By Sheila Heti
216 pages. Farrar, Straus & Giroux. $26.
Sheila Heti’s new novel, “Pure Color,” is a few younger lady who turns right into a leaf. “Unrequited love’s a bore,” Billie Vacation sang. So, it seems, is photosynthesis.
The younger lady’s title is Mira. Her transformation is disorienting, to us if not her. One second the reader is consuming shot after shot of Heti’s robust, acquainted model of espresso. The following we’re sipping as if out of Méret Oppenheim’s fur-lined teacup at MoMA.
“Pure Color” has an intricate philosophical superstructure. Mira, who early within the novel works in a lamp retailer and attends a prestigious faculty for artwork critics — the primary signal that this e-book is a fable — is clearly residing in finish instances.
The warmth is grievous. (“Seasons had turn out to be postmodern.”) The web has splintered comity. (“There was a lot extra hate than any of us had the capability to grasp.”) Every part appears soiled, unhappy and unsuitable. The colours are leeching from issues.
Two relationships maintain Mira. One is with Annie, who lives above a bookstore. They’ve simply met, however Mira is so interested in her that she feels “her rib cage was being pried aside.” Heti has lengthy been a devastating author about sexual magnetism, her prose as delicate because the tip of a conductor’s baton.
The opposite relationship is together with her father. When he dies, she’s bereft. His spirit passes into her. She joins him within the leaf the place they’re, to borrow Milton’s phrase, imparadised in each other’s arms. This relationship is vaguely, the creator implies, sexual as properly.
This all takes place within the first draft of civilization. In preparation for the second draft, “hoping to get it extra proper this time,” Heti writes, “God seems, splits and manifests as three critics within the sky.”
The three critics within the sky are usually not, sadly, Peter Schjeldahl, Deborah Solomon and Jerry Saltz. As an alternative, there’s “a big chicken who critiques from above, a big fish who critiques from the center and a big bear who critiques whereas cradling creation in its arms.”
The place is Heti going with this? It’s sophisticated. “Pure Color” runs its readers alongside a borderline of substance and hallucination. You sense her doing a number of issues directly.
One, she is making room to speak about concepts that curiosity her — the thriller of consciousness, ego versus the true self, inklings of the divine, the character of criticism, the kibbitzing thoughts versus what Emerson known as “the sensible silence.”
Two, she is niftily confounding expectations. Heti’s current novels, “Motherhood” and “How Should a Person Be?,” have been positioned in a field labeled, drearily, autofiction. “Pure Color” breaks that field. This can be a author who — for the second, at any fee — needs to be much less reasonably than extra understood.
Does the novel work? Not solely, not for this reader. “Pure Color” is terribly earnest at instances. It’s static as properly; little or no, past the massive, Gregor Samsa-like reveal, occurs.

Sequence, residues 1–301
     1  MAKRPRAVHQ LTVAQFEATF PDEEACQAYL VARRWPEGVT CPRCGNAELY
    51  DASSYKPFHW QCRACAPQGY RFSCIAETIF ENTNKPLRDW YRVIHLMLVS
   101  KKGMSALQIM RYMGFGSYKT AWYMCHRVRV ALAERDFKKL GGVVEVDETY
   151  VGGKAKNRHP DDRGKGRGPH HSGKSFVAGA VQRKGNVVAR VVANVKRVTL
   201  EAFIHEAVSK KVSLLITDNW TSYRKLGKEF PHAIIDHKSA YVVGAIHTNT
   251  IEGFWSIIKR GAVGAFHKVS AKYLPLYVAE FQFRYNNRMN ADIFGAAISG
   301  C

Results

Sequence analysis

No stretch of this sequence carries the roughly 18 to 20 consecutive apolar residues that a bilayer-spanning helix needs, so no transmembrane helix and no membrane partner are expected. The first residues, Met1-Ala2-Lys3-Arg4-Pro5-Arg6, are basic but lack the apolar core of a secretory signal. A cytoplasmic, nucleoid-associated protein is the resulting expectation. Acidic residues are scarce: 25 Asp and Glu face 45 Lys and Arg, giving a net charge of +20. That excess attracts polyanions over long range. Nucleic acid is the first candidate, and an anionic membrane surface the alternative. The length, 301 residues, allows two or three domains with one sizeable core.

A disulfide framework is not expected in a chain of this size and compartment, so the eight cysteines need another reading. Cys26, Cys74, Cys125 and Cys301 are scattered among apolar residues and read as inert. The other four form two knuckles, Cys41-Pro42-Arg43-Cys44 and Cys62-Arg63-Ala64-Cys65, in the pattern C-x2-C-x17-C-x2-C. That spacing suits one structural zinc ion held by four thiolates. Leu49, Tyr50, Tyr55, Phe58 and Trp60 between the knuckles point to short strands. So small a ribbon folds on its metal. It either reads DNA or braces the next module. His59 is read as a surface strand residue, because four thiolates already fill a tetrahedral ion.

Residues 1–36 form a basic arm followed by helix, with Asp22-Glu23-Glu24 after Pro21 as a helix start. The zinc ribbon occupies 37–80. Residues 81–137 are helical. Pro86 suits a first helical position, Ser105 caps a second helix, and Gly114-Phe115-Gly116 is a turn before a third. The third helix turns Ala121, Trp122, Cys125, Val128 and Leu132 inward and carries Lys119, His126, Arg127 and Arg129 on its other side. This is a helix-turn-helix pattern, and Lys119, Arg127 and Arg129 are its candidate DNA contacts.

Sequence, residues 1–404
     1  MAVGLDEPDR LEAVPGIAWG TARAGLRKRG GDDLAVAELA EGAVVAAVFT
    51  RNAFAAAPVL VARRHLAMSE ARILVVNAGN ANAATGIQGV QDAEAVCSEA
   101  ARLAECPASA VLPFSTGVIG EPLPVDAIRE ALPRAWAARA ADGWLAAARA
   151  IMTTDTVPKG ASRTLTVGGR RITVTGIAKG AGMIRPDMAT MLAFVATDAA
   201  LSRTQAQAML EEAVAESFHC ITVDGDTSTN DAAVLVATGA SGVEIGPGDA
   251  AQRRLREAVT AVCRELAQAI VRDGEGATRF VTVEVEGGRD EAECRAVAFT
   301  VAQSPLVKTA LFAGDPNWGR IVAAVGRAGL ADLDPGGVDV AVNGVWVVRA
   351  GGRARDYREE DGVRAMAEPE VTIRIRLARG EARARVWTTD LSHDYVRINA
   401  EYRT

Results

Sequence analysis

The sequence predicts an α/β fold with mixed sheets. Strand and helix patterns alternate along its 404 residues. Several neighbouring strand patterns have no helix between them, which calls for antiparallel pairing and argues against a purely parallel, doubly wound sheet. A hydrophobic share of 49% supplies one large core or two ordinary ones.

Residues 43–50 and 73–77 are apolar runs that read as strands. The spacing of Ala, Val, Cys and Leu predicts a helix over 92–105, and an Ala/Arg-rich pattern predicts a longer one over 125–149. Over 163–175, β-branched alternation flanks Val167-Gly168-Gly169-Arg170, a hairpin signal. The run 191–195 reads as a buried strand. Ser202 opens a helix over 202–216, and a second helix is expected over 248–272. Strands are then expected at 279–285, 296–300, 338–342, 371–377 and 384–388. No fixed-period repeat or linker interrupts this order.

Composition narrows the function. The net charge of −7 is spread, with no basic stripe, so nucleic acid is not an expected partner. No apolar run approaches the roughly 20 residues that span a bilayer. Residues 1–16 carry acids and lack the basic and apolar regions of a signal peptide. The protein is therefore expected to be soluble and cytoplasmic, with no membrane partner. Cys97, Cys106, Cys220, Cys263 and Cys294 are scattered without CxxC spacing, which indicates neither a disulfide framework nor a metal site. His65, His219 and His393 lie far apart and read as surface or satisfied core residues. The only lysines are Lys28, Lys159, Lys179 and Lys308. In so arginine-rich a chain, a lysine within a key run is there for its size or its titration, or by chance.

Heti’s detractors may most likely put a bottle in the course of a desk and entertain themselves studying strains out of context in suave, poetaster voices. Right here come the nice and cozy jets: “Mira wonders if leaves exist within the human coronary heart”; “What’s the precise distance of affection?”; “In a leaf, there isn’t any query of betrayal.”
And but, she has a method of turning metaphysics to her benefit. There are moments on this novel which may remind you of the scene in “The Actual Factor,” the Tom Stoppard play, when a personality shakes a memento snow globe and a snowstorm fills your complete stage. Similar to that, there’s magic.
Like Iris Murdoch’s novels, Heti’s are philosophically intense, though Heti’s work is pared down the place Murdoch’s was Rabelaisian. Heti owns a pointy axe. In “Pure Color” the wooden chips that fall are as attention-grabbing because the sculpture that will get made.
Heti is concerned with charisma and wonder, the utter unfairness of them. “An individual can waste their entire life, with out even that means to, all as a result of one other individual has a extremely nice face,” she writes. “Did God consider this when he was making the world?”
She will compact political and sophistication antagonisms into small fists of that means. Thus this sentence, which begins sweetly earlier than delivering its sting: “At the least God had given the dawn — to these of us who lived on a cliff.”
As within the current work of Patricia Lockwood, Lauren Oyler and Jia Tolentino, amongst others, there are various felicities of notion about lives spent on-line.
“Pure Color” isn’t helplessly, organically, healingly humorous, as have been a few of Heti’s earlier novels. However there are moments. There’s a fed-up sense that the world has merely turn out to be, for lack of a greater phrase, gross.
International warming looks like “a foul older brother sitting in your face.” The mud within the air? “We stroll by means of our days within the mud of the useless. Two minutes out of the bathe and already we’re filthy. It’s too disgusting to debate.”
The novelist Peter De Vries, requested about his literary ambition, as soon as replied that he needed a mass readership, one giant sufficient for his elite viewers to despise.
Lately, Heti has been approaching that type of huge viewers. There’s no blaming her for wishing, with a novel like “Pure Color,” to be extra elusive.
https://www.nytimes.com/2022/02/07/books/review-pure-colour-sheila-heti.html E-book Evaluation: ‘Pure Color,’ by Sheila Heti